Reflecting on the Emmy’s last night, I was suddenly hit with a simple question: are these shows good because they’re inherently good, or because we as a society have decided to define “good” by these shows?
That came out confusingly. Let me try again.
Is “good” something absolute, or is it something that based on societal nuances?
I’m not talking about morals here. I’m talking about quality of art–or at the very least, quality of pop culture.
After having some time to think on it, I’ve decided (for the moment, at least) that the answer is a simple, “Both.” Take dramas as an example. I can watch two different dramas, and one can be lame, and the other can be great. And I tend to think that lame dramas will, on the whole, be deemed lame by the rest of society, too. (Sometimes I’m wrong on this. Let’s at least say “by the rest of critics,” and leave the rest of society to enjoy whatever the heck kind of garbage they like to consume when it’s awful. Two and a Half Men, perhaps? My favorite punching bag show du jour.)
But don’t we like these shows because we’ve been trained to like them? Is our taste something inherent that we’re born with, or something we develop over time?
This is related to a different conversation I was having today. Comic Sans. It’s the red-headed stepchild of the design industry these days, but why is that? Is there something in the font itself that’s just awful, or do we think it’s awful because we’ve been trained to think that?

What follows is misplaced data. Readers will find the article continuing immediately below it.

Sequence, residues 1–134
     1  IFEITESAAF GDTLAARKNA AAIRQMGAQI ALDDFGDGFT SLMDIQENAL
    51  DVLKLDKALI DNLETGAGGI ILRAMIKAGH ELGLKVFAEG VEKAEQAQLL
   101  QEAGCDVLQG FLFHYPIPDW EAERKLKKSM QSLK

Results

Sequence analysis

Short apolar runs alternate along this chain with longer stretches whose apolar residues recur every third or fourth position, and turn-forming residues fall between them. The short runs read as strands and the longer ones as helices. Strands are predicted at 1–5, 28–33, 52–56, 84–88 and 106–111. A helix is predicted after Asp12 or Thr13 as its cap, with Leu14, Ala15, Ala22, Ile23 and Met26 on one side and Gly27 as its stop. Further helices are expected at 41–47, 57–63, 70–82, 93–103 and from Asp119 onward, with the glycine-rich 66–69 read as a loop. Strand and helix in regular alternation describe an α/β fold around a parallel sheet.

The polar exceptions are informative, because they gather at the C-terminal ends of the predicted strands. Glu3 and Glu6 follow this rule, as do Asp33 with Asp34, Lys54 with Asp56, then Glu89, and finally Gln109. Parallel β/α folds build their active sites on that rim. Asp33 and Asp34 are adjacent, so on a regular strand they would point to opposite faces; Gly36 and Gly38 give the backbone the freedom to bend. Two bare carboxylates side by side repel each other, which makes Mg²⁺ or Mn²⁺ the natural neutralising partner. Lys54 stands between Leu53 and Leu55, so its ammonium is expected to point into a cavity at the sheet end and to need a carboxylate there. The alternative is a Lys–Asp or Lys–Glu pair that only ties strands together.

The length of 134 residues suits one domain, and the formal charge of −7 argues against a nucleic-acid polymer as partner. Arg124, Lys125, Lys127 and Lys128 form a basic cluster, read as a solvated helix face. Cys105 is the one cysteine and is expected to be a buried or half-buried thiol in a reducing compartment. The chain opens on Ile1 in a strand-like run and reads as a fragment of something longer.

I’m reminded of a study I read a while ago about how pop culture develops. The researcher created a bunch of small internet groups, and gave each group the same set of songs to download and listen to. If “good” were something inherent, it would stand to reason that the same songs would rise to the top when it came to popularity.
But that didn’t happen at all.
Instead, each group grew in its own way, as different songs became popular merely because more and more people were listening to them. If that happens in a single study, imagine how it plays out over entire societies, over decades or centuries.
Clearly, I’ve had too much time to think today. Time to go back to revising . . . (And if you can get the connection between this post and the picture I chose to accompany it, then mega nerdy bonus points to you.)